The Cornell brothers, Merritt, Myron, and James are descended from Stephen and Hannah's son William Cornell who married Mehitable Fish and settled in Dartmouth, Massachusetts. Their son Daniel married Elizabeth Allen also in Massachusetts, but sometime between 1751 and 1767 they moved to New York. Their son Zebulon was a Quaker minister. He married Ruth (last name unknown) and their son Joseph married Abigail Allen. Joseph and Abigail's son Isaac became the father of the Cornell brothers who are the subject of this post. Isaac moved his family to Michigan between 1832 and 1836 where they settled in Tyrone Township, Livingston Livingston County. This means they were much earlier arrivals than their distant cousin Daniel Wood who did not arrive with his parents until 1855.

While there are parallels in immigration pattern and religious experience, the towns in which they lived in each state, the timeframes for relocation, and the degree of relationship (fifth cousin) most likely preclude an awareness of a relationship if Daniel Wood and any of the Cornell brothers ever met.


Burkholder, H. H. and Tillie E. Barr. "East Michigan: Report of Conference Proceedings." Lake Union Herald. V. 4 No. 35 (August 28, 1912) 1-2.

Clark, A. J. "East Michigan Conference: General Conference." Lake Union Herald. V. 10 No. 13 (March 27, 1918) 6.

Cornell, Rhonda L. Legacy of the Cornell Family Name. Lexington, KY: [n. p.], 2014.

"East Michigan Conference." Lake Union Herald. V. 6 No. 26 (July 1, 1914) 4.

"East Michigan Conference: Camp-Meeting Assignments." Lake Union Herald. V. 6 No. 20 (May 26, 1914) 3.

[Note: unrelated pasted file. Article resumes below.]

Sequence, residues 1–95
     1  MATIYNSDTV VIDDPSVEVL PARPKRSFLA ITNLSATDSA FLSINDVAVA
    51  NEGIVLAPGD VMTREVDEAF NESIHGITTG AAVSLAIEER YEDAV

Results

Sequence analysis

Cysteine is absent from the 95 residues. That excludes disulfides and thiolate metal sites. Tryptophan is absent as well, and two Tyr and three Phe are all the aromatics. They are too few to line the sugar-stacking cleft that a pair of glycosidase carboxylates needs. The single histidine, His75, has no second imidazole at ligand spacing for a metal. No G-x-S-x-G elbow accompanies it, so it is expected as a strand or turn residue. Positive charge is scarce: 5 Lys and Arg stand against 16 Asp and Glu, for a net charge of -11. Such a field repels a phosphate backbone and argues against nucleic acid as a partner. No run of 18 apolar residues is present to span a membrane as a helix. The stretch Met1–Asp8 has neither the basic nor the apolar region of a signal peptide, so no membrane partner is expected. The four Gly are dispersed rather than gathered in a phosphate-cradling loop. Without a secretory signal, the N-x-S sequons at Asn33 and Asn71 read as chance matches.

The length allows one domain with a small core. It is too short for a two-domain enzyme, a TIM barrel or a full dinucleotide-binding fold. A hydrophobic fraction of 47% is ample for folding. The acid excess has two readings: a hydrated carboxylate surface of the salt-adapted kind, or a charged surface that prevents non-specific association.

Fortin, Denis and Jerry Moon, editors. The Ellen G. White Encyclopedia. Hagerstown, MD: Review & Herald, 2013.

Guthrie, William. "Delegates to Union Conference." Lake Union Herald. V. 6 No. 11 (March 18, 1914) 4.

Guthrie, William and Daniel Wood. "East Michigan Conference Association Meeting." Lake Union Herald. V. 6 No. 19 (May 13, 1914) 13.

Hiner, Frank. "East Michigan Conference." Lake Union Herald. V. 5 No. 41 (October 15, 1913) 12-14.

LaPlante, Eva. American Jezebel: The Uncommon Life of Anne Hutchinson, the Woman Who Defied the Puritans. San Francisco: HarperCollins, 2004.

Nelson, F. "Obituary Notices." Advent Review and Sabbath Herald. V. 49 No. 6 (February 8, 1877) 47.

"News Notes." Lake Union Herald. V. 3 No. 15 (April 12, 1911) 6.

Packard, Bessie Eunice. The Edson and Eunice Cornell Packards. (December 1, 1945) [manuscript distributed to family members as a Christmas gift].

Russell, C. A. "Delegates in Attendance at Lake Union Conference." Lake Union Herald. V. 6 No. 19 (May 13, 1914) 1-10.

Seventh-day Adventist Yearbooks. General Conference of Seventh-day Adventists Office of Archives, Statistics, and Research.

Slade, E. K. and E. I. Beebe. "East Michigan: Further Report of Conference Proceedings." Lake Union Herald V. 3 No. 39 (September 27, 1911) 5-6.

Summerville, T. M. "Wood [obituary]." Lake Union Herald. V. 16 No. 44 (November 5, 1924) 10.

Wood, Daniel. "Alma." Lake Union Herald. V. 4 No. 49 (December 4, 1912) 6.